EU approves complete ban on bee-killing insecticides

April 27, 2018 by  
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In a monumental decision that has been years in the making , all member nations of the European Union have approved a total ban of neonicotinoids, the most widely used insecticide in the world and a well-documented danger to bees and other pollinators. The ban is expected to go into effect by the end of this year, though use of the insecticide will still be allowed in greenhouses . The rapidly declining population of pollinator species in recent years is in part due to the widespread use of harmful pesticides. The ban should result in a healthier pollinator population, which is essential for global food production. The vote follows recent studies that have confirmed the danger that neonicotinoids pose to pollinators, directly and through water and soil contamination. “The commission had proposed these measures months ago, on the basis of the scientific advice from [the EU ‘s scientific risk assessors],” Vytenis Andriukaitis, European commissioner for Health and Food Safety, told the Guardian . “Bee health remains of paramount importance for me since it concerns biodiversity, food production and the environment.” Related: NASA has a plan to put robot bees on Mars This policy change pleased activists. “Finally, our governments are listening to their citizens, the scientific evidence and farmers who know that bees can’t live with these chemicals, and we can’t live without bees,” Antonia Staats at Avaaz said. Meanwhile, industry representatives disapproved. “European agriculture will suffer as a result of this decision,” Graeme Taylor, of the European Crop Protection Association , said. “Perhaps not today, perhaps not tomorrow, but in time decision makers will see the clear impact of removing a vital tool for farmers.” Research suggests that Taylor’s concerns are unfounded, while the dramatic decline in pollinator populations — which will continue to occur without action — proves disastrous for food production. Via The Guardian Images via Depositphotos (1)

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EU approves complete ban on bee-killing insecticides

Special pro-bee-iotics could protect honey bees against neonicotinoids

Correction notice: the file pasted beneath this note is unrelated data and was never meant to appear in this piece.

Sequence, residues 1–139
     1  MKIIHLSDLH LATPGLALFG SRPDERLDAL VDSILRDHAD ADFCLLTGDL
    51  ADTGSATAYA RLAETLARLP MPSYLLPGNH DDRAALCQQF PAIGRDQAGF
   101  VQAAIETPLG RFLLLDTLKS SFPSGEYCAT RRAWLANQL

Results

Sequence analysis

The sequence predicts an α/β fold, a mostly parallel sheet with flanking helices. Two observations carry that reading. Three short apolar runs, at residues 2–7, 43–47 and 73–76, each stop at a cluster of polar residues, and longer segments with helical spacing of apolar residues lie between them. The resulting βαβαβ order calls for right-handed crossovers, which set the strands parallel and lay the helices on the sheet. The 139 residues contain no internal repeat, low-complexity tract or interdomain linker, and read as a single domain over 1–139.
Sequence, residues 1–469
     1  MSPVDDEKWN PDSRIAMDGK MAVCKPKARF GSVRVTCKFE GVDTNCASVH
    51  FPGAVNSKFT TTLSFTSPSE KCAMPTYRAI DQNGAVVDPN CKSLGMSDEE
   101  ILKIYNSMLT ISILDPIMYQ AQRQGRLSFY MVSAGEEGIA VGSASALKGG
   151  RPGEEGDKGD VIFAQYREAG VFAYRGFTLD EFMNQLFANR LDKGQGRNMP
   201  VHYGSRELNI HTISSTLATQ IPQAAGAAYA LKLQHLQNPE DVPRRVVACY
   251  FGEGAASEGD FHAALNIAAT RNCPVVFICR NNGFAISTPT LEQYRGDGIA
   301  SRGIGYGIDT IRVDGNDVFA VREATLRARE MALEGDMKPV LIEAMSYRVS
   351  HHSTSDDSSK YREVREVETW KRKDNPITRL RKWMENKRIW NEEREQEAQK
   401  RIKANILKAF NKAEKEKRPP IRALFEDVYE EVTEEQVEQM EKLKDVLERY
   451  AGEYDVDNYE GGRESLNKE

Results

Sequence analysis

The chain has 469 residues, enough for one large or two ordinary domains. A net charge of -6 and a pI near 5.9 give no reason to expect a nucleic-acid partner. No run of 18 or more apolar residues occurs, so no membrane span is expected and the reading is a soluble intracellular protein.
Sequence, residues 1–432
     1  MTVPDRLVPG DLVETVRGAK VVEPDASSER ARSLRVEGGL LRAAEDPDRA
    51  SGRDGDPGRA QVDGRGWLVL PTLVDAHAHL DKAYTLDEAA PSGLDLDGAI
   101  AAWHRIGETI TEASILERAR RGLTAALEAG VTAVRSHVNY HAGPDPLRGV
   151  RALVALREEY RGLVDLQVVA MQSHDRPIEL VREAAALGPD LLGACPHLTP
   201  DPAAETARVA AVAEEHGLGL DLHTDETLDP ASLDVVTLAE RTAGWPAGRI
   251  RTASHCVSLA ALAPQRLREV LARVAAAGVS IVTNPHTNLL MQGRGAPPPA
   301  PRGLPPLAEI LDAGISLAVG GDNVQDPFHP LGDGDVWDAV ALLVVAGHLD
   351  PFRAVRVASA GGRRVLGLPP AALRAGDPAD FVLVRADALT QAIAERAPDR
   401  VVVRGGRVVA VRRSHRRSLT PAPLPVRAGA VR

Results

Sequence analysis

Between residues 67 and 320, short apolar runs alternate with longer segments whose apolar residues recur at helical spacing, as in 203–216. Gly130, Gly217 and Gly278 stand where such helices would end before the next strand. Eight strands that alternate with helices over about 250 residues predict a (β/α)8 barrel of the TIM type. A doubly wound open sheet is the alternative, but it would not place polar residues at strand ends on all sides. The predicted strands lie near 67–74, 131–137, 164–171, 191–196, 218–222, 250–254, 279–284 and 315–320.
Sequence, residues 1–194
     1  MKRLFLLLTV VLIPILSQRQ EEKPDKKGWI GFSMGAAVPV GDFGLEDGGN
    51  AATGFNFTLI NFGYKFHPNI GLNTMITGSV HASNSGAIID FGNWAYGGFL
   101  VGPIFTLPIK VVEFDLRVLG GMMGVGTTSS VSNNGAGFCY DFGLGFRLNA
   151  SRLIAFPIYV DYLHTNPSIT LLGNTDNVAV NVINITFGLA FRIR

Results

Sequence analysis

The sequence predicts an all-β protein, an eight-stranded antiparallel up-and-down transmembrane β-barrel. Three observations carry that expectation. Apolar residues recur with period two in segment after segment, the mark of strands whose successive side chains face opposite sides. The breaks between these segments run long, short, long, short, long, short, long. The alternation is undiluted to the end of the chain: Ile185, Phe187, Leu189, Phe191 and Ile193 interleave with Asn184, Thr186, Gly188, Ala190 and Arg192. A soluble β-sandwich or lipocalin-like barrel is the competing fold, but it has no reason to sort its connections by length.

September 22, 2015 by  
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The plight of bees worldwide is now front and center and policymakers, like President Obama , and scientists are taking action to protect this invaluable natural resource. But one need not be president to make a difference in the lives of bees. Students at the University of British Columbia spent their summer developing a probiotic specifically designed for the digestive system of honeybees. Fittingly named “pro-bee-otic,” the innovative microorganism cocktail could prove to be a powerful defense against the destructive power of pesticides. Read the rest of Special pro-bee-iotics could protect honey bees against neonicotinoids

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Special pro-bee-iotics could protect honey bees against neonicotinoids

Hundreds of beehives hang off a steep cliff in China to save wild honeybees

September 8, 2015 by  
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Hundreds of beehives hang off a steep cliff in China to save wild honeybees

Which countries are doing their part to stop Colony Collapse Disorder

August 21, 2015 by  
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Pollinators are the lifeblood of ecosystems everywhere. They help plants reproduce, increase biodiversity, facilitate the dispersal of species into new regions, maintain genetic diversity within plant populations, increase fruit yields, and support flora and fauna at every level of the food chain. But for the past 10 years, bee  keepers have been finding their hives suddenly and inexplicably abandoned. In the years since, the phenomenon often called Colony Collapse Disorder has been reported in Egypt, China, Europe, USA, Japan and the Middle East. This handy map reveals which countries are doing their part to stop the collapse and which have a long way to go. Read the rest of Which countries are doing their part to stop Colony Collapse Disorder

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Bees are addicted to the nicotine in neonicotinoid pesticides, and it’s killing them

April 28, 2015 by  
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Think an addiction of nicotine is bad for you? Well, it’s nothing compared to the bees who are getting addicted to it from neonicotinoid pesticides. Made by companies like Bayer and Syngenta, proponents of the pesticides say they benefit crops by boosting yields and destroying pests, but they also affect the reproduction rates and colony growth of several bee species . Read the rest of Bees are addicted to the nicotine in neonicotinoid pesticides, and it’s killing them Permalink | Add to del.icio.us | digg Post tags: #savethebees , A World Without Bees , bees , bees addicted to nicotine , bees affected by pesticides , bumblebees , honey bees , neonicotinoid pesticides , pesticides and bees